We are confident that these three groups will ensure continuing improvement in our understanding of the ethical issues which have arisen in Triratna, and the measures needed to avoid such mistakes in future.
However, as the work of looking at our past continues and understanding deepens, there remains the possibility of external scrutiny should further concerns emerge which merit outside help.
1. From the first post, Introducing the Adhisthana kula: “In early February 2017 a group of six Order members began meeting daily at Adhisthana to follow up and engage further with the discussion of issues that have been raised; we are calling ourselves the ‘Adhisthana Kula’ (‘kula’ means something like ‘clan’). Between us we hold responsibilities in the major Triratna institutions and are able to be in communication with Sangharakshita. We will be consulting widely, and are following the debate already taking place online, but are keen to see more voices included in face-to-face communication throughout the Order and Community. We want to acknowledge the problematic aspects of our past, while not wanting to dismiss so much that is positive in what Sangharakshita and so many of us have managed to bring into being over the first 50 years of our community”.
2. For example see “An Abuse of Faith”, a report commissioned by the Church of England.
3. It is a UK Safeguarding requirement that any current or historical criminal allegation of harm to a child who is still a child at the time of reporting must be reported to the relevant child protection authorities, whether police or social services, with or without the child’s consent. However, in the case of an adult victim, or a child victim who is adult at the time of reporting, it is best practice for the process and degree of reporting to be agreed if possible with the person concerned.
However, in all cases nobody has a right to know any details except those few who need to know in order to deal with the matter effectively and prevent further harm. This is to protect the alleged victim from harm, and to avoid jeopardising police investigations. It is also a requirement that a person alleged to have committed a crime may not be named unless they have been formally charged by the police.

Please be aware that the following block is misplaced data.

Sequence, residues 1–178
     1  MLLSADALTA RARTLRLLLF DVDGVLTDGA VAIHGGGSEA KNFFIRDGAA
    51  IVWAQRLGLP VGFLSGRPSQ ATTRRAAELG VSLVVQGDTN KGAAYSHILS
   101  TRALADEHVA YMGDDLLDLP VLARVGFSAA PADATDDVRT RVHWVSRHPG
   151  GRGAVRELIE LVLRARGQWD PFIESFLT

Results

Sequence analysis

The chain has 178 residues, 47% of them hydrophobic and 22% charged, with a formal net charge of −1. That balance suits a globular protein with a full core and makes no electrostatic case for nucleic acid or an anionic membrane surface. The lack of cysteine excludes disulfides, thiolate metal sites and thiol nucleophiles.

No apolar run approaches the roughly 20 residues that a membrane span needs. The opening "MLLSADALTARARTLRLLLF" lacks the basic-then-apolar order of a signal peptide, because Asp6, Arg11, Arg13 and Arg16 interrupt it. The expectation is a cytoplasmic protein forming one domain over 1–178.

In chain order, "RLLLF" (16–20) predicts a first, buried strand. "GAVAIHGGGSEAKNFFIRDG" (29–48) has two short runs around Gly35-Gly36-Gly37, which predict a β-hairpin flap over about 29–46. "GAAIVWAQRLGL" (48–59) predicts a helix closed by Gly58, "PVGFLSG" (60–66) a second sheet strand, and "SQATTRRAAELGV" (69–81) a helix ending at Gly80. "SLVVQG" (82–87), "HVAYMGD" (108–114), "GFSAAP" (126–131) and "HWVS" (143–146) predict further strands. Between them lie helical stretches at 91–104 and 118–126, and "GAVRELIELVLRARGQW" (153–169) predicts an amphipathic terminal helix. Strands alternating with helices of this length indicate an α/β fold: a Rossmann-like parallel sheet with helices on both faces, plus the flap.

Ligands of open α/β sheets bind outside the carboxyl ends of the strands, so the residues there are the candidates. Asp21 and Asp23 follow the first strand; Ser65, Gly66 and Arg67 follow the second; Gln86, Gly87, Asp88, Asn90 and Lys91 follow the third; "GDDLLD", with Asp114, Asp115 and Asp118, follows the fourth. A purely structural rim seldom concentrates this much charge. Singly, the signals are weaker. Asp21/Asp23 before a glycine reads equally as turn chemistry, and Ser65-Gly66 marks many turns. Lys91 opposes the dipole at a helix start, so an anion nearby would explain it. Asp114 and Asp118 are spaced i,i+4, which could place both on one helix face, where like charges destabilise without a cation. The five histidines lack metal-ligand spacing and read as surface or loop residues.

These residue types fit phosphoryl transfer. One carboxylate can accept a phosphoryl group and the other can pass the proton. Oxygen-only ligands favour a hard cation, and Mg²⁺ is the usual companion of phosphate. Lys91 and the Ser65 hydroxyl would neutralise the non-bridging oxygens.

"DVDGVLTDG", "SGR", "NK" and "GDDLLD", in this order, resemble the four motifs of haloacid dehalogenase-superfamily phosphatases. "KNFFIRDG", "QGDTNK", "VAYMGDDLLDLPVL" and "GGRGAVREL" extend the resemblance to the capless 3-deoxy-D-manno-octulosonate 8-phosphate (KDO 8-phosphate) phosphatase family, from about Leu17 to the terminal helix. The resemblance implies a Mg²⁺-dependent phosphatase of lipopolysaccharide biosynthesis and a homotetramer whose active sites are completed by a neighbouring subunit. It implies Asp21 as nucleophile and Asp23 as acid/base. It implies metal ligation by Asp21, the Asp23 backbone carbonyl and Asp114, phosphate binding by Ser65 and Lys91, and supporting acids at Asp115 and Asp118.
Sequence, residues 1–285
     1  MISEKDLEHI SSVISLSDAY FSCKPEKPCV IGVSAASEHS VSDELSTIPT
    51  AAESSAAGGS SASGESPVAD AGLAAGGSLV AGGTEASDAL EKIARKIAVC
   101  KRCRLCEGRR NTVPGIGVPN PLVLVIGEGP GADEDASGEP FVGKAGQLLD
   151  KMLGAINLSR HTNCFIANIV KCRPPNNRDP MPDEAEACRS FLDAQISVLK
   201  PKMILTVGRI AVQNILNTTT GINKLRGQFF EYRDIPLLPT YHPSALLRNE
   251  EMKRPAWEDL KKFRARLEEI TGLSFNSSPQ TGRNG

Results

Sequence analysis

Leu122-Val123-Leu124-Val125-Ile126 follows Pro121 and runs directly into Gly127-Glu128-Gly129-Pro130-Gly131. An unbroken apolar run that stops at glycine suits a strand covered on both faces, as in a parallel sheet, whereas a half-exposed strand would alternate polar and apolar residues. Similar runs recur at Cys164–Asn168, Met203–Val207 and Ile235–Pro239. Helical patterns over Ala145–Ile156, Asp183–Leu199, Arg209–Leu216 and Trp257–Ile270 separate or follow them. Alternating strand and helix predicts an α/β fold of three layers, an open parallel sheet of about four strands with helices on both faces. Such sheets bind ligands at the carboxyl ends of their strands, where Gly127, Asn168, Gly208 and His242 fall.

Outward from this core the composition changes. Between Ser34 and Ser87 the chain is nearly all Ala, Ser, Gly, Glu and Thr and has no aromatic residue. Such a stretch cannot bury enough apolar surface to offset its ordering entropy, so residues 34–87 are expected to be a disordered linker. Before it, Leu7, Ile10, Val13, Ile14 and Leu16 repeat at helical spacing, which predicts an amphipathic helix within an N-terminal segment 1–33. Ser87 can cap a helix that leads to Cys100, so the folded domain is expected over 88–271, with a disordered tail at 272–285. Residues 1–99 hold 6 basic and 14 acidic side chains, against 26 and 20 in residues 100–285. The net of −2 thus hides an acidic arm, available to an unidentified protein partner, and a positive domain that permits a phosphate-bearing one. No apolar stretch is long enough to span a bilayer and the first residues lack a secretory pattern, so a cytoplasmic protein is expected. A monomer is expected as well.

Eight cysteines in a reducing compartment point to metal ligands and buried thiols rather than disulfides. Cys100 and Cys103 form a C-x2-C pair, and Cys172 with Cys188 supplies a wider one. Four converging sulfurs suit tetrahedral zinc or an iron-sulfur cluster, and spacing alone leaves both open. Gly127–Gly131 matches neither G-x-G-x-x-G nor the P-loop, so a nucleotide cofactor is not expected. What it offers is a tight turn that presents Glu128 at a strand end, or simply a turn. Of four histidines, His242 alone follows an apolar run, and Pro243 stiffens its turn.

These are the requirements followed by Triratna’s Safeguarding team.
4. See the recommendations from the Church of England report in note 2, and those in the more recent report from the investigation of allegations against Sogyal Rinpoche and Rigpa.
5. The three new bodies:
- The College Chair’s Council (CCC) is brought together by the College Chair to support his or her work. It is not intended to become an executive decision-making body. Any proposals from the CCC would need to go to other bodies with the authority to implement them.
It has a core membership that includes the Chair of the College, one of the two Deputy Chairs, the Chair of the International Council, and the two International Order Convenors (currently this means Saddhaloka, Ratnadharini, Dhammarati, Aryajaya and Lokeshvara). Around this core is envisaged a wider, flexible, membership drawing in opinion and experience from those in the Order such as Centre Chairs and Mitra Convenors, visiting Order members from overseas, and Order members with professional skills such as facilitation or strategic thinking.
- The Restorative Working Group’s current membership is Jnanasiddhi, Shantigarbha and Ratnadharini.
- The Ethics Kula: current membership is Jnanasiddhi, Lokeshvara, Saddhaloka, Parami and the Safeguarding team, who are Munisha and Amaladipa.
See also ‘An Update On Restorative Process In Triratna (October 2018)’